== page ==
Robust demand

Residential properties hold a special charm for institutional investors: they promise a continuous and secure cash flow. But there are other reasons why more and more investors are moving into this segment.

Residential is most certainly not the first thing property experts think of when they hear the name Redevco. The investment company, which belongs to the Cofra group and therefore to the C&A clothing empire, actually specialises in retail properties. But Redevco recently began to explore pastures new: at the end of 2018, the company launched a fund with the intention of investing €500 million in residential real estate in the Netherlands, Germany, Spain and the United Kingdom. “The key data for the residential real estate market is robust,” says Redevco’s CEO Andrew Vaughan, explaining the thinking behind the new strategy. He therefore believes that it “makes absolute sense” to get involved in this segment.

Numerous other investors see things the same way. Figures published by property service provider Savills evidence how sought-after residential property is. According to these figures, apartment buildings across Europe changed hands for around €20.5 billion, which is 17 percent of the total volume of real estate transactions. Residential property in Germany is particularly popular: according to Savills’ provisional figures, the transaction volume in this segment totalled €15 billion in 2018, which is around 30 percent of the volume of commercial real estate.

The German residential real estate market is enjoying a rising demand for housing.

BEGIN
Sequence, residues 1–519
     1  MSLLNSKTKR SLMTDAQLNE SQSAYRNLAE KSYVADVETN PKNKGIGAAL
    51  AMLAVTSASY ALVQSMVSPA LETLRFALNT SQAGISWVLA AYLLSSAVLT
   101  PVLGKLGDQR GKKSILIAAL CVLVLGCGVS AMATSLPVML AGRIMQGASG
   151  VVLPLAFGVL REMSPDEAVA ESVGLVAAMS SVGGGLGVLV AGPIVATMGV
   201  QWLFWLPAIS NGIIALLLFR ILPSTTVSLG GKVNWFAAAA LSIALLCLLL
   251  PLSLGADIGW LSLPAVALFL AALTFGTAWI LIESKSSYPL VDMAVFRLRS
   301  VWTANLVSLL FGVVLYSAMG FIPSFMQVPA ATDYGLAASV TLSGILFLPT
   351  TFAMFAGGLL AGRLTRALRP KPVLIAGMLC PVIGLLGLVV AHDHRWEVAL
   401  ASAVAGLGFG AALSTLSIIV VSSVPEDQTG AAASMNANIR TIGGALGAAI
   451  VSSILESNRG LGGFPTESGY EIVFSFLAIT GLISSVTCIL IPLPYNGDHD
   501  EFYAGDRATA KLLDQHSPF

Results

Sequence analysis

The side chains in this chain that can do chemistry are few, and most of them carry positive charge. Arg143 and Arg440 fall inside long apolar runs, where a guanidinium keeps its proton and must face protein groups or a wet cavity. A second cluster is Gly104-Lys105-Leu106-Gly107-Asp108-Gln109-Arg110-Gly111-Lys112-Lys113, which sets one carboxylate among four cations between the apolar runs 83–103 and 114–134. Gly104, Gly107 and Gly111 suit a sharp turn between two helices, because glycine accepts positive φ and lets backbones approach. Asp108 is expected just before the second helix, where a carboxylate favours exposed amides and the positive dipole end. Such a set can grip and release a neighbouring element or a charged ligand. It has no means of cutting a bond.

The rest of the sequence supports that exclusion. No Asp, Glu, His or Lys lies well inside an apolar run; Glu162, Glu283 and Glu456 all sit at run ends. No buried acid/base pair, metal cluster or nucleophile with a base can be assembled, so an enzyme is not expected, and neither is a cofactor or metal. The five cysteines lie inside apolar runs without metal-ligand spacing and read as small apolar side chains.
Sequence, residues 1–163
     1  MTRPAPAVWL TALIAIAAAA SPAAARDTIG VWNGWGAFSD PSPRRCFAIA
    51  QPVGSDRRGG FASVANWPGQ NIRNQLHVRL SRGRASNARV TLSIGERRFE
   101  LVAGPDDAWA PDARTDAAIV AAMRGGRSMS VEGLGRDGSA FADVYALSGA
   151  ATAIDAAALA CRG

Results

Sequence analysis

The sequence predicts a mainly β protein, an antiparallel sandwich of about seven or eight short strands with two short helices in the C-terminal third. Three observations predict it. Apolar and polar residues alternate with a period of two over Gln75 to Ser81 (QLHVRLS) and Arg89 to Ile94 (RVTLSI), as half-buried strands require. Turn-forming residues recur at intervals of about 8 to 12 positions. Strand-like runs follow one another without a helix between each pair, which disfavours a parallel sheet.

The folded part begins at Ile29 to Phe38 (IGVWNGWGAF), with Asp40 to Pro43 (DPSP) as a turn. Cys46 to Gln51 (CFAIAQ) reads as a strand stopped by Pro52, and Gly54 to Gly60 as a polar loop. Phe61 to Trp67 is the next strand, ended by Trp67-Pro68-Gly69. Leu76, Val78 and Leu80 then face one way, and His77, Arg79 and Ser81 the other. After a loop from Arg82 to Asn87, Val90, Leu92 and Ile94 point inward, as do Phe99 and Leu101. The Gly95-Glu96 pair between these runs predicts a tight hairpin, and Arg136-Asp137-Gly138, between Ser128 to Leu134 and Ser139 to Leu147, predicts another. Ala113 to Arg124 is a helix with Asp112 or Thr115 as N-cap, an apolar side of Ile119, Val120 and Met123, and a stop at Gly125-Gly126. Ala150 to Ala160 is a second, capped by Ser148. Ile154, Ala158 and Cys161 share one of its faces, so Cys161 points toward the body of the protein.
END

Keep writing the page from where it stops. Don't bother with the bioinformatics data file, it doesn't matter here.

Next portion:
Jens Wilhelm, Member of the Board of Directors at Union Asset Management Holding AG

The risk of rental loss is low

Karsten Nemecek, Managing Director responsible for property valuation/transaction advisory services at Savills in Germany, has an explanation for the interest in residential property. “The capital markets have been highly risk averse since the financial crisis and this makes residential property a favourable option as an asset class. Residential property provides stable income, which is exactly what many investors are looking for.” This is especially true for Germany, as Konstantin Kortmann, Head of Residential Investment at JLL in Germany, explains. “The fact that the German housing market is highly regulated has a positive effect on stability.” Unlike in the United States, for example, tenancy agreements in Germany usually run for an indefinite period. “Investors,” Kortmann points out, “can therefore expect a stable cash flow.”

That is in the interest of investors who are looking for long-term, secure income and do not have excessive profit expectations. Union Investment is an investment management company that falls into this category. In 2017 it launched an open residential property fund for private investors in conjunction with the ZBI Group, a company specialising in residential real estate. “We see sustainable investment opportunities for our clients in the area of existing apartments that house broad swathes of the population, thus satisfying a basic need that never fundamentally changes. Their main feature is that they are not as volatile,” explains Thomas Wirtz, one of the directors of ZBI Immobilien. The ZBI Group also has its own in-house team to provide a one-stop service along the entire value chain, from the initial purchase of a property, its active management and optimisation through refurbishment and modernisation schemes, for example, through to its possible sale. “In this way, ZBI has achieved sustainable success over the last 20 years and that is the basis of its fund concepts,” says Wirtz. UniImmo: Wohnen ZBI had already invested €1.4 billion and built up a portfolio of 19,600 residential units by November 2018. They have added a special fund for institutional investors: ZBI Union Wohnen Plus. Union Investment has also joined forces with Deutsche Asset One to manage residential investment vehicles for institutional investors under Service KVG mandates.